All animal work and experimental protocols were carried out in accordance with guidelines defined by the relevant national and local animal welfare bodies. All animal work was approved by the University of California, San Francisco, Institutional Animal Care and Use Committee (Approval Number AN078649-03A). Mice were anesthetized and decapitated, and the brain was quickly removed and placed into oxygenated, ice-cold, high sucrose artificial cerebrospinal fluid (saCSF), containing the following (in mM): 150 sucrose, 50 NaCl, 25 NaHCO3, 10 dextrose, 2.5 KCl, 1 NaH2PO4-H2O, 0.5 CaCl2, and 7 MgCl2. After 2 min in saCSF, the brain was blocked, glued to the stage of a vibratome (Leica VTS1000, Bannockburn, IL), and cut into 300 μm horizontal brain slices containing hippocampus. Slices were then placed in a holding chamber containing aCSF (in mM; 124 NaCl, 3 KCl, 1.25 NaH2PO4-H2O, 2 MgSO4-7H2O, 26 NaHCO3, 10 dextrose, and 2 CaCl2). After a 40-min incubation period at 35°C, slices were maintained at room temperature (6–8 h).
For recording, an individual slice was placed in a submerged recording chamber (Warner Instruments, Hamden, CT) with oxygenated aCSF heated to ∼32°C and flowing at 2–4 ml/min. Interneurons were identified in area CA1 under infrared differential interference contrast optics, and were initially distinguished based on soma shape and location outside the principal cell layer. A micropipette puller (Sutter Instrument, Novato, CA) was used to pull patch pipettes of between 3–7 MΩ from 1.5 mm outer diameter borosilicate glass (World Precision Instruments, Sarasota, FL). Data were obtained using an Axopatch 1D amplifier (Axon Instruments, Foster City, CA); data were digitized at 10 kHz and recorded using a Digidata 1320A and pClamp 8.2 software (Molecular Devices, Sunnyvale, CA). For all experiments except mEPSC recordings, internal recording solution (pH 7.20–7.25, 285–295 mosmol/kgH2O, liquid junction potential −13 mV) contained the following (in mM): 120 K-gluconate, 10 KCl, 1 MgCl2, 0.025 CaCl2, 0.2 EGTA, 2 Na2ATP, 0.2 Na2GTP, and 10 HEPES. In mEPSC experiments, to enhance event amplitude and increase signal-to-noise ratio, internal recording solution contained the following (in mM): 140 CsCl, 1 MgCl2, 10 HEPES, 11 EGTA, 2 Na2ATP, 0.5 Na2GTP, and 1.25 QX-314.
After a stable voltage-clamp recording was obtained from a CA1 interneuron, the recording was switched to current-clamp mode and injected steps of hyperpolarizing and depolarizing current were used to determine the class of cell being recorded using published firing patterns and action potential properties (Butt et al. 2005; Flames and Marin 2005). The recording was subsequently switched back to voltage-clamp mode (holding potential, −60 mV) for recording of sEPSCs or mEPSCs. Membrane potentials were not corrected for liquid junction potential. Spontaneous EPSCs were pharmacologically isolated by perfusion of the slice with aCSF containing 5 μM bicuculline (a GABAA receptor blocker; Sigma, St. Louis, MO). At the end of some experiments, 3 mM kynurenic acid (a nonspecific glutamate receptor antagonist; Tocris, Ellisville, MO) was added to confirm that EPSCs were successfully isolated. All recordings were obtained at ∼32°C. Voltage-clamp recordings were low-pass filtered at 1 kHz, and band-pass filtered at 60 Hz (Hum Bug; AutoMate Scientific, Berkeley, CA). Whole cell access resistance and holding current were continuously monitored to confirm that recordings were stable.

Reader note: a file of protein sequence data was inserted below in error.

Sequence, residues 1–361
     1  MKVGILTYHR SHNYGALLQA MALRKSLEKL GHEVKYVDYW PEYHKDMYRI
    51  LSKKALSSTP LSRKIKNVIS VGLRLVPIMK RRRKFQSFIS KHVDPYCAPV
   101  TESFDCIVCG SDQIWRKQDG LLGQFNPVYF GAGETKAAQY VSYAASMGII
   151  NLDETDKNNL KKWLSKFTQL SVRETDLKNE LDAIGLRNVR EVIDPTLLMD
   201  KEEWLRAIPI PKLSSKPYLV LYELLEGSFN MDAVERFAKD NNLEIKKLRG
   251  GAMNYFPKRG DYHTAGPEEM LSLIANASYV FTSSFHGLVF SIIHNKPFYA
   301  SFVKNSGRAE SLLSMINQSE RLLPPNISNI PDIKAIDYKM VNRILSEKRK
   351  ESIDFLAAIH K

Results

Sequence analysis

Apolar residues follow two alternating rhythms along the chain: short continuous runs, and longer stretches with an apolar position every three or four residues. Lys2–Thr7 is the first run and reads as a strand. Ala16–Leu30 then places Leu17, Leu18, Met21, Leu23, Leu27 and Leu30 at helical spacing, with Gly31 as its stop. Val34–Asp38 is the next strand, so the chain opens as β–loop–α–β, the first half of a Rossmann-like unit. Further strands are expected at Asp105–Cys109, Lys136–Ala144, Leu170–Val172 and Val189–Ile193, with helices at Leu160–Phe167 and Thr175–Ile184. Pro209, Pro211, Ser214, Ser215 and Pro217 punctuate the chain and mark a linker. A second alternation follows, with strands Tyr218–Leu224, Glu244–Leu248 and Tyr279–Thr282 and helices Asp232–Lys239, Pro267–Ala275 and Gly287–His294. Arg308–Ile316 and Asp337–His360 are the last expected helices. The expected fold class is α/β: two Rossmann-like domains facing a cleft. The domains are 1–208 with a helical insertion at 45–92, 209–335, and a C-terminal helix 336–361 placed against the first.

Spontaneous EPSCs were analyzed using Mini Analysis Program 5.2.5 (Synaptosoft, Decatur, GA), with each event selected by hand and 300 events per cell being analyzed. Because of the low frequency of mEPSCs, we analyzed ≥25 events or at least ≥5 min of recording time per cell. Histograms of sEPSCs were constructed using the first 100 events per cell. For decay time calculations, decay time of individual events was defined as the time to 67% of peak amplitude. All data are presented as means ± SE, and we determined statistical significance of results using unpaired, two-tailed Student's t-tests, with P = 0.05 as the threshold for statistical significance. Where appropriate, the χ2 test or ANOVA was used to determine statistical significance.
Adult Dlx1−/− and WT littermate mice were deeply anesthetized with Avertin (Sigma; 0.2 ml/10 g body wt) and perfused intracardially with 4% paraformaldehyde in PBS solution (0.1 M, pH 7.4). The brains were removed and postfixed overnight in the same fixative. Brain sections were prepared at a thickness of 50 μm on a vibratome and used for free-floating immunohistochemistry or mounted on Fisher Superfrost/Plus slides for the terminal deoxynucleotidyltransferase dUTP-mediated nick-end labeling (TUNEL) assay. For immunohistochemistry, the slices were washed in phosphate-buffered saline solution, incubated in blocking solution (0.5% Triton X-100, 10% normal goat serum, 2% nonfat milk, and 0.2% gelatin in PBS) for 1 h, and incubated 1 day at 4°C in the primary antibody diluted in 0.5% Triton X-100, 3% normal goat serum, and 0.2% gelatin in PBS. The antibodies used were as follows: cleaved caspase-3 polyclonal antibodies (1:500; Cell Signaling Technology) and NeuN monoclonal antibodies (1:500; Chemicon). Immunoreactivity was detected with appropriate Alexa-488 or Alexa-594 (1:300; Molecular Probes) conjugated secondary antibodies. TUNEL apoptotic cell detection was carried out following the manufacturer's protocol (Apotag Red In Situ Apoptosis Detection Kit; Chemicon).